Take the 2-minute tour ×
MathOverflow is a question and answer site for professional mathematicians. It's 100% free, no registration required.

Let $G$ be a group. A $G$-torsor is a set $X$ together with an action of $G$ such that for all $x,y \in X$ there is exactly one $g \in G$ such that $gx=y$. This looks like a group which has forgotten its identity (no pun intended).

Usually it is assumed that $X$ is nonempty (or more generally an inhabited object according to the nlab article), but it seems to me that it makes perfect sense also to allow $X = \emptyset$ because of the equivalent definition using Heaps. This equivalence also suggests that $X = \emptyset$ should imply that $G$ is trivial. But this is not guaranteed by the definition given above.

Question: What is a natural definition of torsors which also includes the empty set with the action of the trivial group (the empty torsor)?

In the case of sets as above, we may just add that the action is faithful, i.e. the homomorphism $G \to \text{Sym}(X)$ is injective. But how can we give a definition for, say, group schemes acting on schemes, without making a nasty case distinction?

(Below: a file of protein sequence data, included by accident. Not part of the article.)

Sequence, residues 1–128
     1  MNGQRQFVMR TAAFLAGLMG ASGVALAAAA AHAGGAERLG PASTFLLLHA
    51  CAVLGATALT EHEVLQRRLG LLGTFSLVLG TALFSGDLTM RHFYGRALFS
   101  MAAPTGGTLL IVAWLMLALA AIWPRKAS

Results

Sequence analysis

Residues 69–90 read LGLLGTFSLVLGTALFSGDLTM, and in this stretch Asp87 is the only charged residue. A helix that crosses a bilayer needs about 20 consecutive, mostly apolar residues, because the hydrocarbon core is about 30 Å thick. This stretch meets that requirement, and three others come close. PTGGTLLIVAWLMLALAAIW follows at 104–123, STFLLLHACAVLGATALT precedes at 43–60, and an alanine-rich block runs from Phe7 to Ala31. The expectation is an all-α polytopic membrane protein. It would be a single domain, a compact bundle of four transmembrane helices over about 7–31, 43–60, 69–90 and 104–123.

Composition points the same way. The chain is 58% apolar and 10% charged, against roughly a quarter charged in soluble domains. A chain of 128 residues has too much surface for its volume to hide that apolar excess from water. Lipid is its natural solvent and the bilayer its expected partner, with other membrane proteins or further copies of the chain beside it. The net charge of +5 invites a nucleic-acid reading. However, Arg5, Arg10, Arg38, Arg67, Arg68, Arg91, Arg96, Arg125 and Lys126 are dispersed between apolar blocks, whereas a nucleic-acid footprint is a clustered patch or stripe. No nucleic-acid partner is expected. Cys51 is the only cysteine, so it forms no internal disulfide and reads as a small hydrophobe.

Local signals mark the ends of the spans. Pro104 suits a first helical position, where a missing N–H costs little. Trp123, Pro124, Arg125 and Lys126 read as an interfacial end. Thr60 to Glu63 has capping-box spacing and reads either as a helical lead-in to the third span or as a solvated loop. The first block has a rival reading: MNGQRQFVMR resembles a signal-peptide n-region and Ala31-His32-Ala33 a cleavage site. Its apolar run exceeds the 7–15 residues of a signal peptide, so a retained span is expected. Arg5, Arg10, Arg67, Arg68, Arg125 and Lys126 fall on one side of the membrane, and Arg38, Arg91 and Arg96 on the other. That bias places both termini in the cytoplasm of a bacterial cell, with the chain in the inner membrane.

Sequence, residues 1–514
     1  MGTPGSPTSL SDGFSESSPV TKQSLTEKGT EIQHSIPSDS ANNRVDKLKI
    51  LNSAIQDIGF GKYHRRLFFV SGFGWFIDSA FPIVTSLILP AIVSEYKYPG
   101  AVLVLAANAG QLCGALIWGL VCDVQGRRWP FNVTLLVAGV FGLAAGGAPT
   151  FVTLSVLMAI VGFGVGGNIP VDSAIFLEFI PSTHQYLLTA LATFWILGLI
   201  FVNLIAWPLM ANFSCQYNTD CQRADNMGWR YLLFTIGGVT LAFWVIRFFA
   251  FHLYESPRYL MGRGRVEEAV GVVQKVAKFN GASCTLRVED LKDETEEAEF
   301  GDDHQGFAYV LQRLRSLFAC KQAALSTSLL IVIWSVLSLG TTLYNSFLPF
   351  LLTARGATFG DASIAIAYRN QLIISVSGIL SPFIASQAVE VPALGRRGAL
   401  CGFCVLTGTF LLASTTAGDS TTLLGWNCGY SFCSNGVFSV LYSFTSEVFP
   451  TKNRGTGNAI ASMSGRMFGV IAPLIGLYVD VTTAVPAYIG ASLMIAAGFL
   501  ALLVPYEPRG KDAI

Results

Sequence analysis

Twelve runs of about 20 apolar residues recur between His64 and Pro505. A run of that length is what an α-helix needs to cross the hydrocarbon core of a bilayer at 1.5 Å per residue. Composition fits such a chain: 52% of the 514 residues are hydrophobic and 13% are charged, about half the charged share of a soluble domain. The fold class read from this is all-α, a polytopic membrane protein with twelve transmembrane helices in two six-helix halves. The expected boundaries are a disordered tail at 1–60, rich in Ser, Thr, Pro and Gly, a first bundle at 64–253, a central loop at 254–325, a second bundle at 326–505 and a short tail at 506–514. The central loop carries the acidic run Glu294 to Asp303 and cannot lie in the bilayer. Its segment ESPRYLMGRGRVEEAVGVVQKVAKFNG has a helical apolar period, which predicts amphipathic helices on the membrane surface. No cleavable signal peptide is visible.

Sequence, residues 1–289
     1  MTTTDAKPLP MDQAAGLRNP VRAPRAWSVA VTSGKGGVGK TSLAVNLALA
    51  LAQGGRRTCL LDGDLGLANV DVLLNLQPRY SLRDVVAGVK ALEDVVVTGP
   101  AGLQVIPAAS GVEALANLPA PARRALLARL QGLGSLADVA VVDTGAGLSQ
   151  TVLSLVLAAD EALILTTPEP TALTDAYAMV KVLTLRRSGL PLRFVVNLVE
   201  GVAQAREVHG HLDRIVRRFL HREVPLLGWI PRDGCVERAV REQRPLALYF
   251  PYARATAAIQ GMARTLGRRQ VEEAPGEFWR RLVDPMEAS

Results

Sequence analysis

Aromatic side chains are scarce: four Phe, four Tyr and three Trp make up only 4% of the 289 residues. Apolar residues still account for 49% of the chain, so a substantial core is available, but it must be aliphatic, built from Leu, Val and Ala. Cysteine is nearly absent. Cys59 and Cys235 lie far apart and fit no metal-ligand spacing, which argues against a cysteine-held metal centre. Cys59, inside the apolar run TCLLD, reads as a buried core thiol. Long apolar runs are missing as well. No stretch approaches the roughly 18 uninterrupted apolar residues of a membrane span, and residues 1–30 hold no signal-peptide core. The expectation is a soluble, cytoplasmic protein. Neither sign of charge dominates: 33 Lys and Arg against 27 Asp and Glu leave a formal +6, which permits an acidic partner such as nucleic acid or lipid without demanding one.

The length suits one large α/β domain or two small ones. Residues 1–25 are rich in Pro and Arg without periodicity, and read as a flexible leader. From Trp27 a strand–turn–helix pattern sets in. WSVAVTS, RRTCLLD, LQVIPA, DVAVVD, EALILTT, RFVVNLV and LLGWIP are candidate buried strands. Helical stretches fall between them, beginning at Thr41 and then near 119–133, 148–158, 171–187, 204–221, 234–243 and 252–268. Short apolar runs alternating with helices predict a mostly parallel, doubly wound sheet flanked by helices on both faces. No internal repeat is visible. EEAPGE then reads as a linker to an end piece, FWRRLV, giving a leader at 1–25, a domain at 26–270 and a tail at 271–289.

Also I would like to know if you agree with me that it is natural to include the empty torsor. It will be an initial object in the category of torsors and as I said, especially in the definition of a heap the assumption of being nonempty seems to be artificial according to universal algebra.

[added] Thank you for all the good answers. I agree that it's not natural to consider an empty torsor. A $G$-torsor should be something which is locally isomorphic to $G$.

share|improve this question
9  
What you define in the first paragraph is what I know as a pseudo-torsor. A torsor is then a non-empty pseudo-torsor. I don't think that calling the empty set with the action of the trivial group a torsor is a good idea. For example there is a notion of torsor under a sheaf of groups on a topological space (or suitable site) and this is supposed to yield the usual notion if one takes a topological space with one point. We would then lose the fact that isomorphism classes of torsors are given by the first cohomology of the group sheaf. –  Philipp Hartwig May 29 '11 at 17:34
3  
A torsor for the trivial group (in the traditional sense) has one element, not zero elements. I don't know why you'd want to include the case of the empty set over the trivial group in particular. The empty heap (according to the definition you linked) seems to correspond to the empty set as a "group", which is usually excluded. –  Dylan Thurston May 29 '11 at 20:45
    
@Dylan: The reason is that the text I'm reading currently includes the emtpy torsor and this makes perfect sense when you want to study the category of torsors. –  Martin Brandenburg May 30 '11 at 9:00

4 Answers 4

up vote 6 down vote accepted

If you have any category that admits finite products, you have a notion of $G$-pseudotorsor, namely an object $X$ equipped with a map $act: G \times X \to X$, such that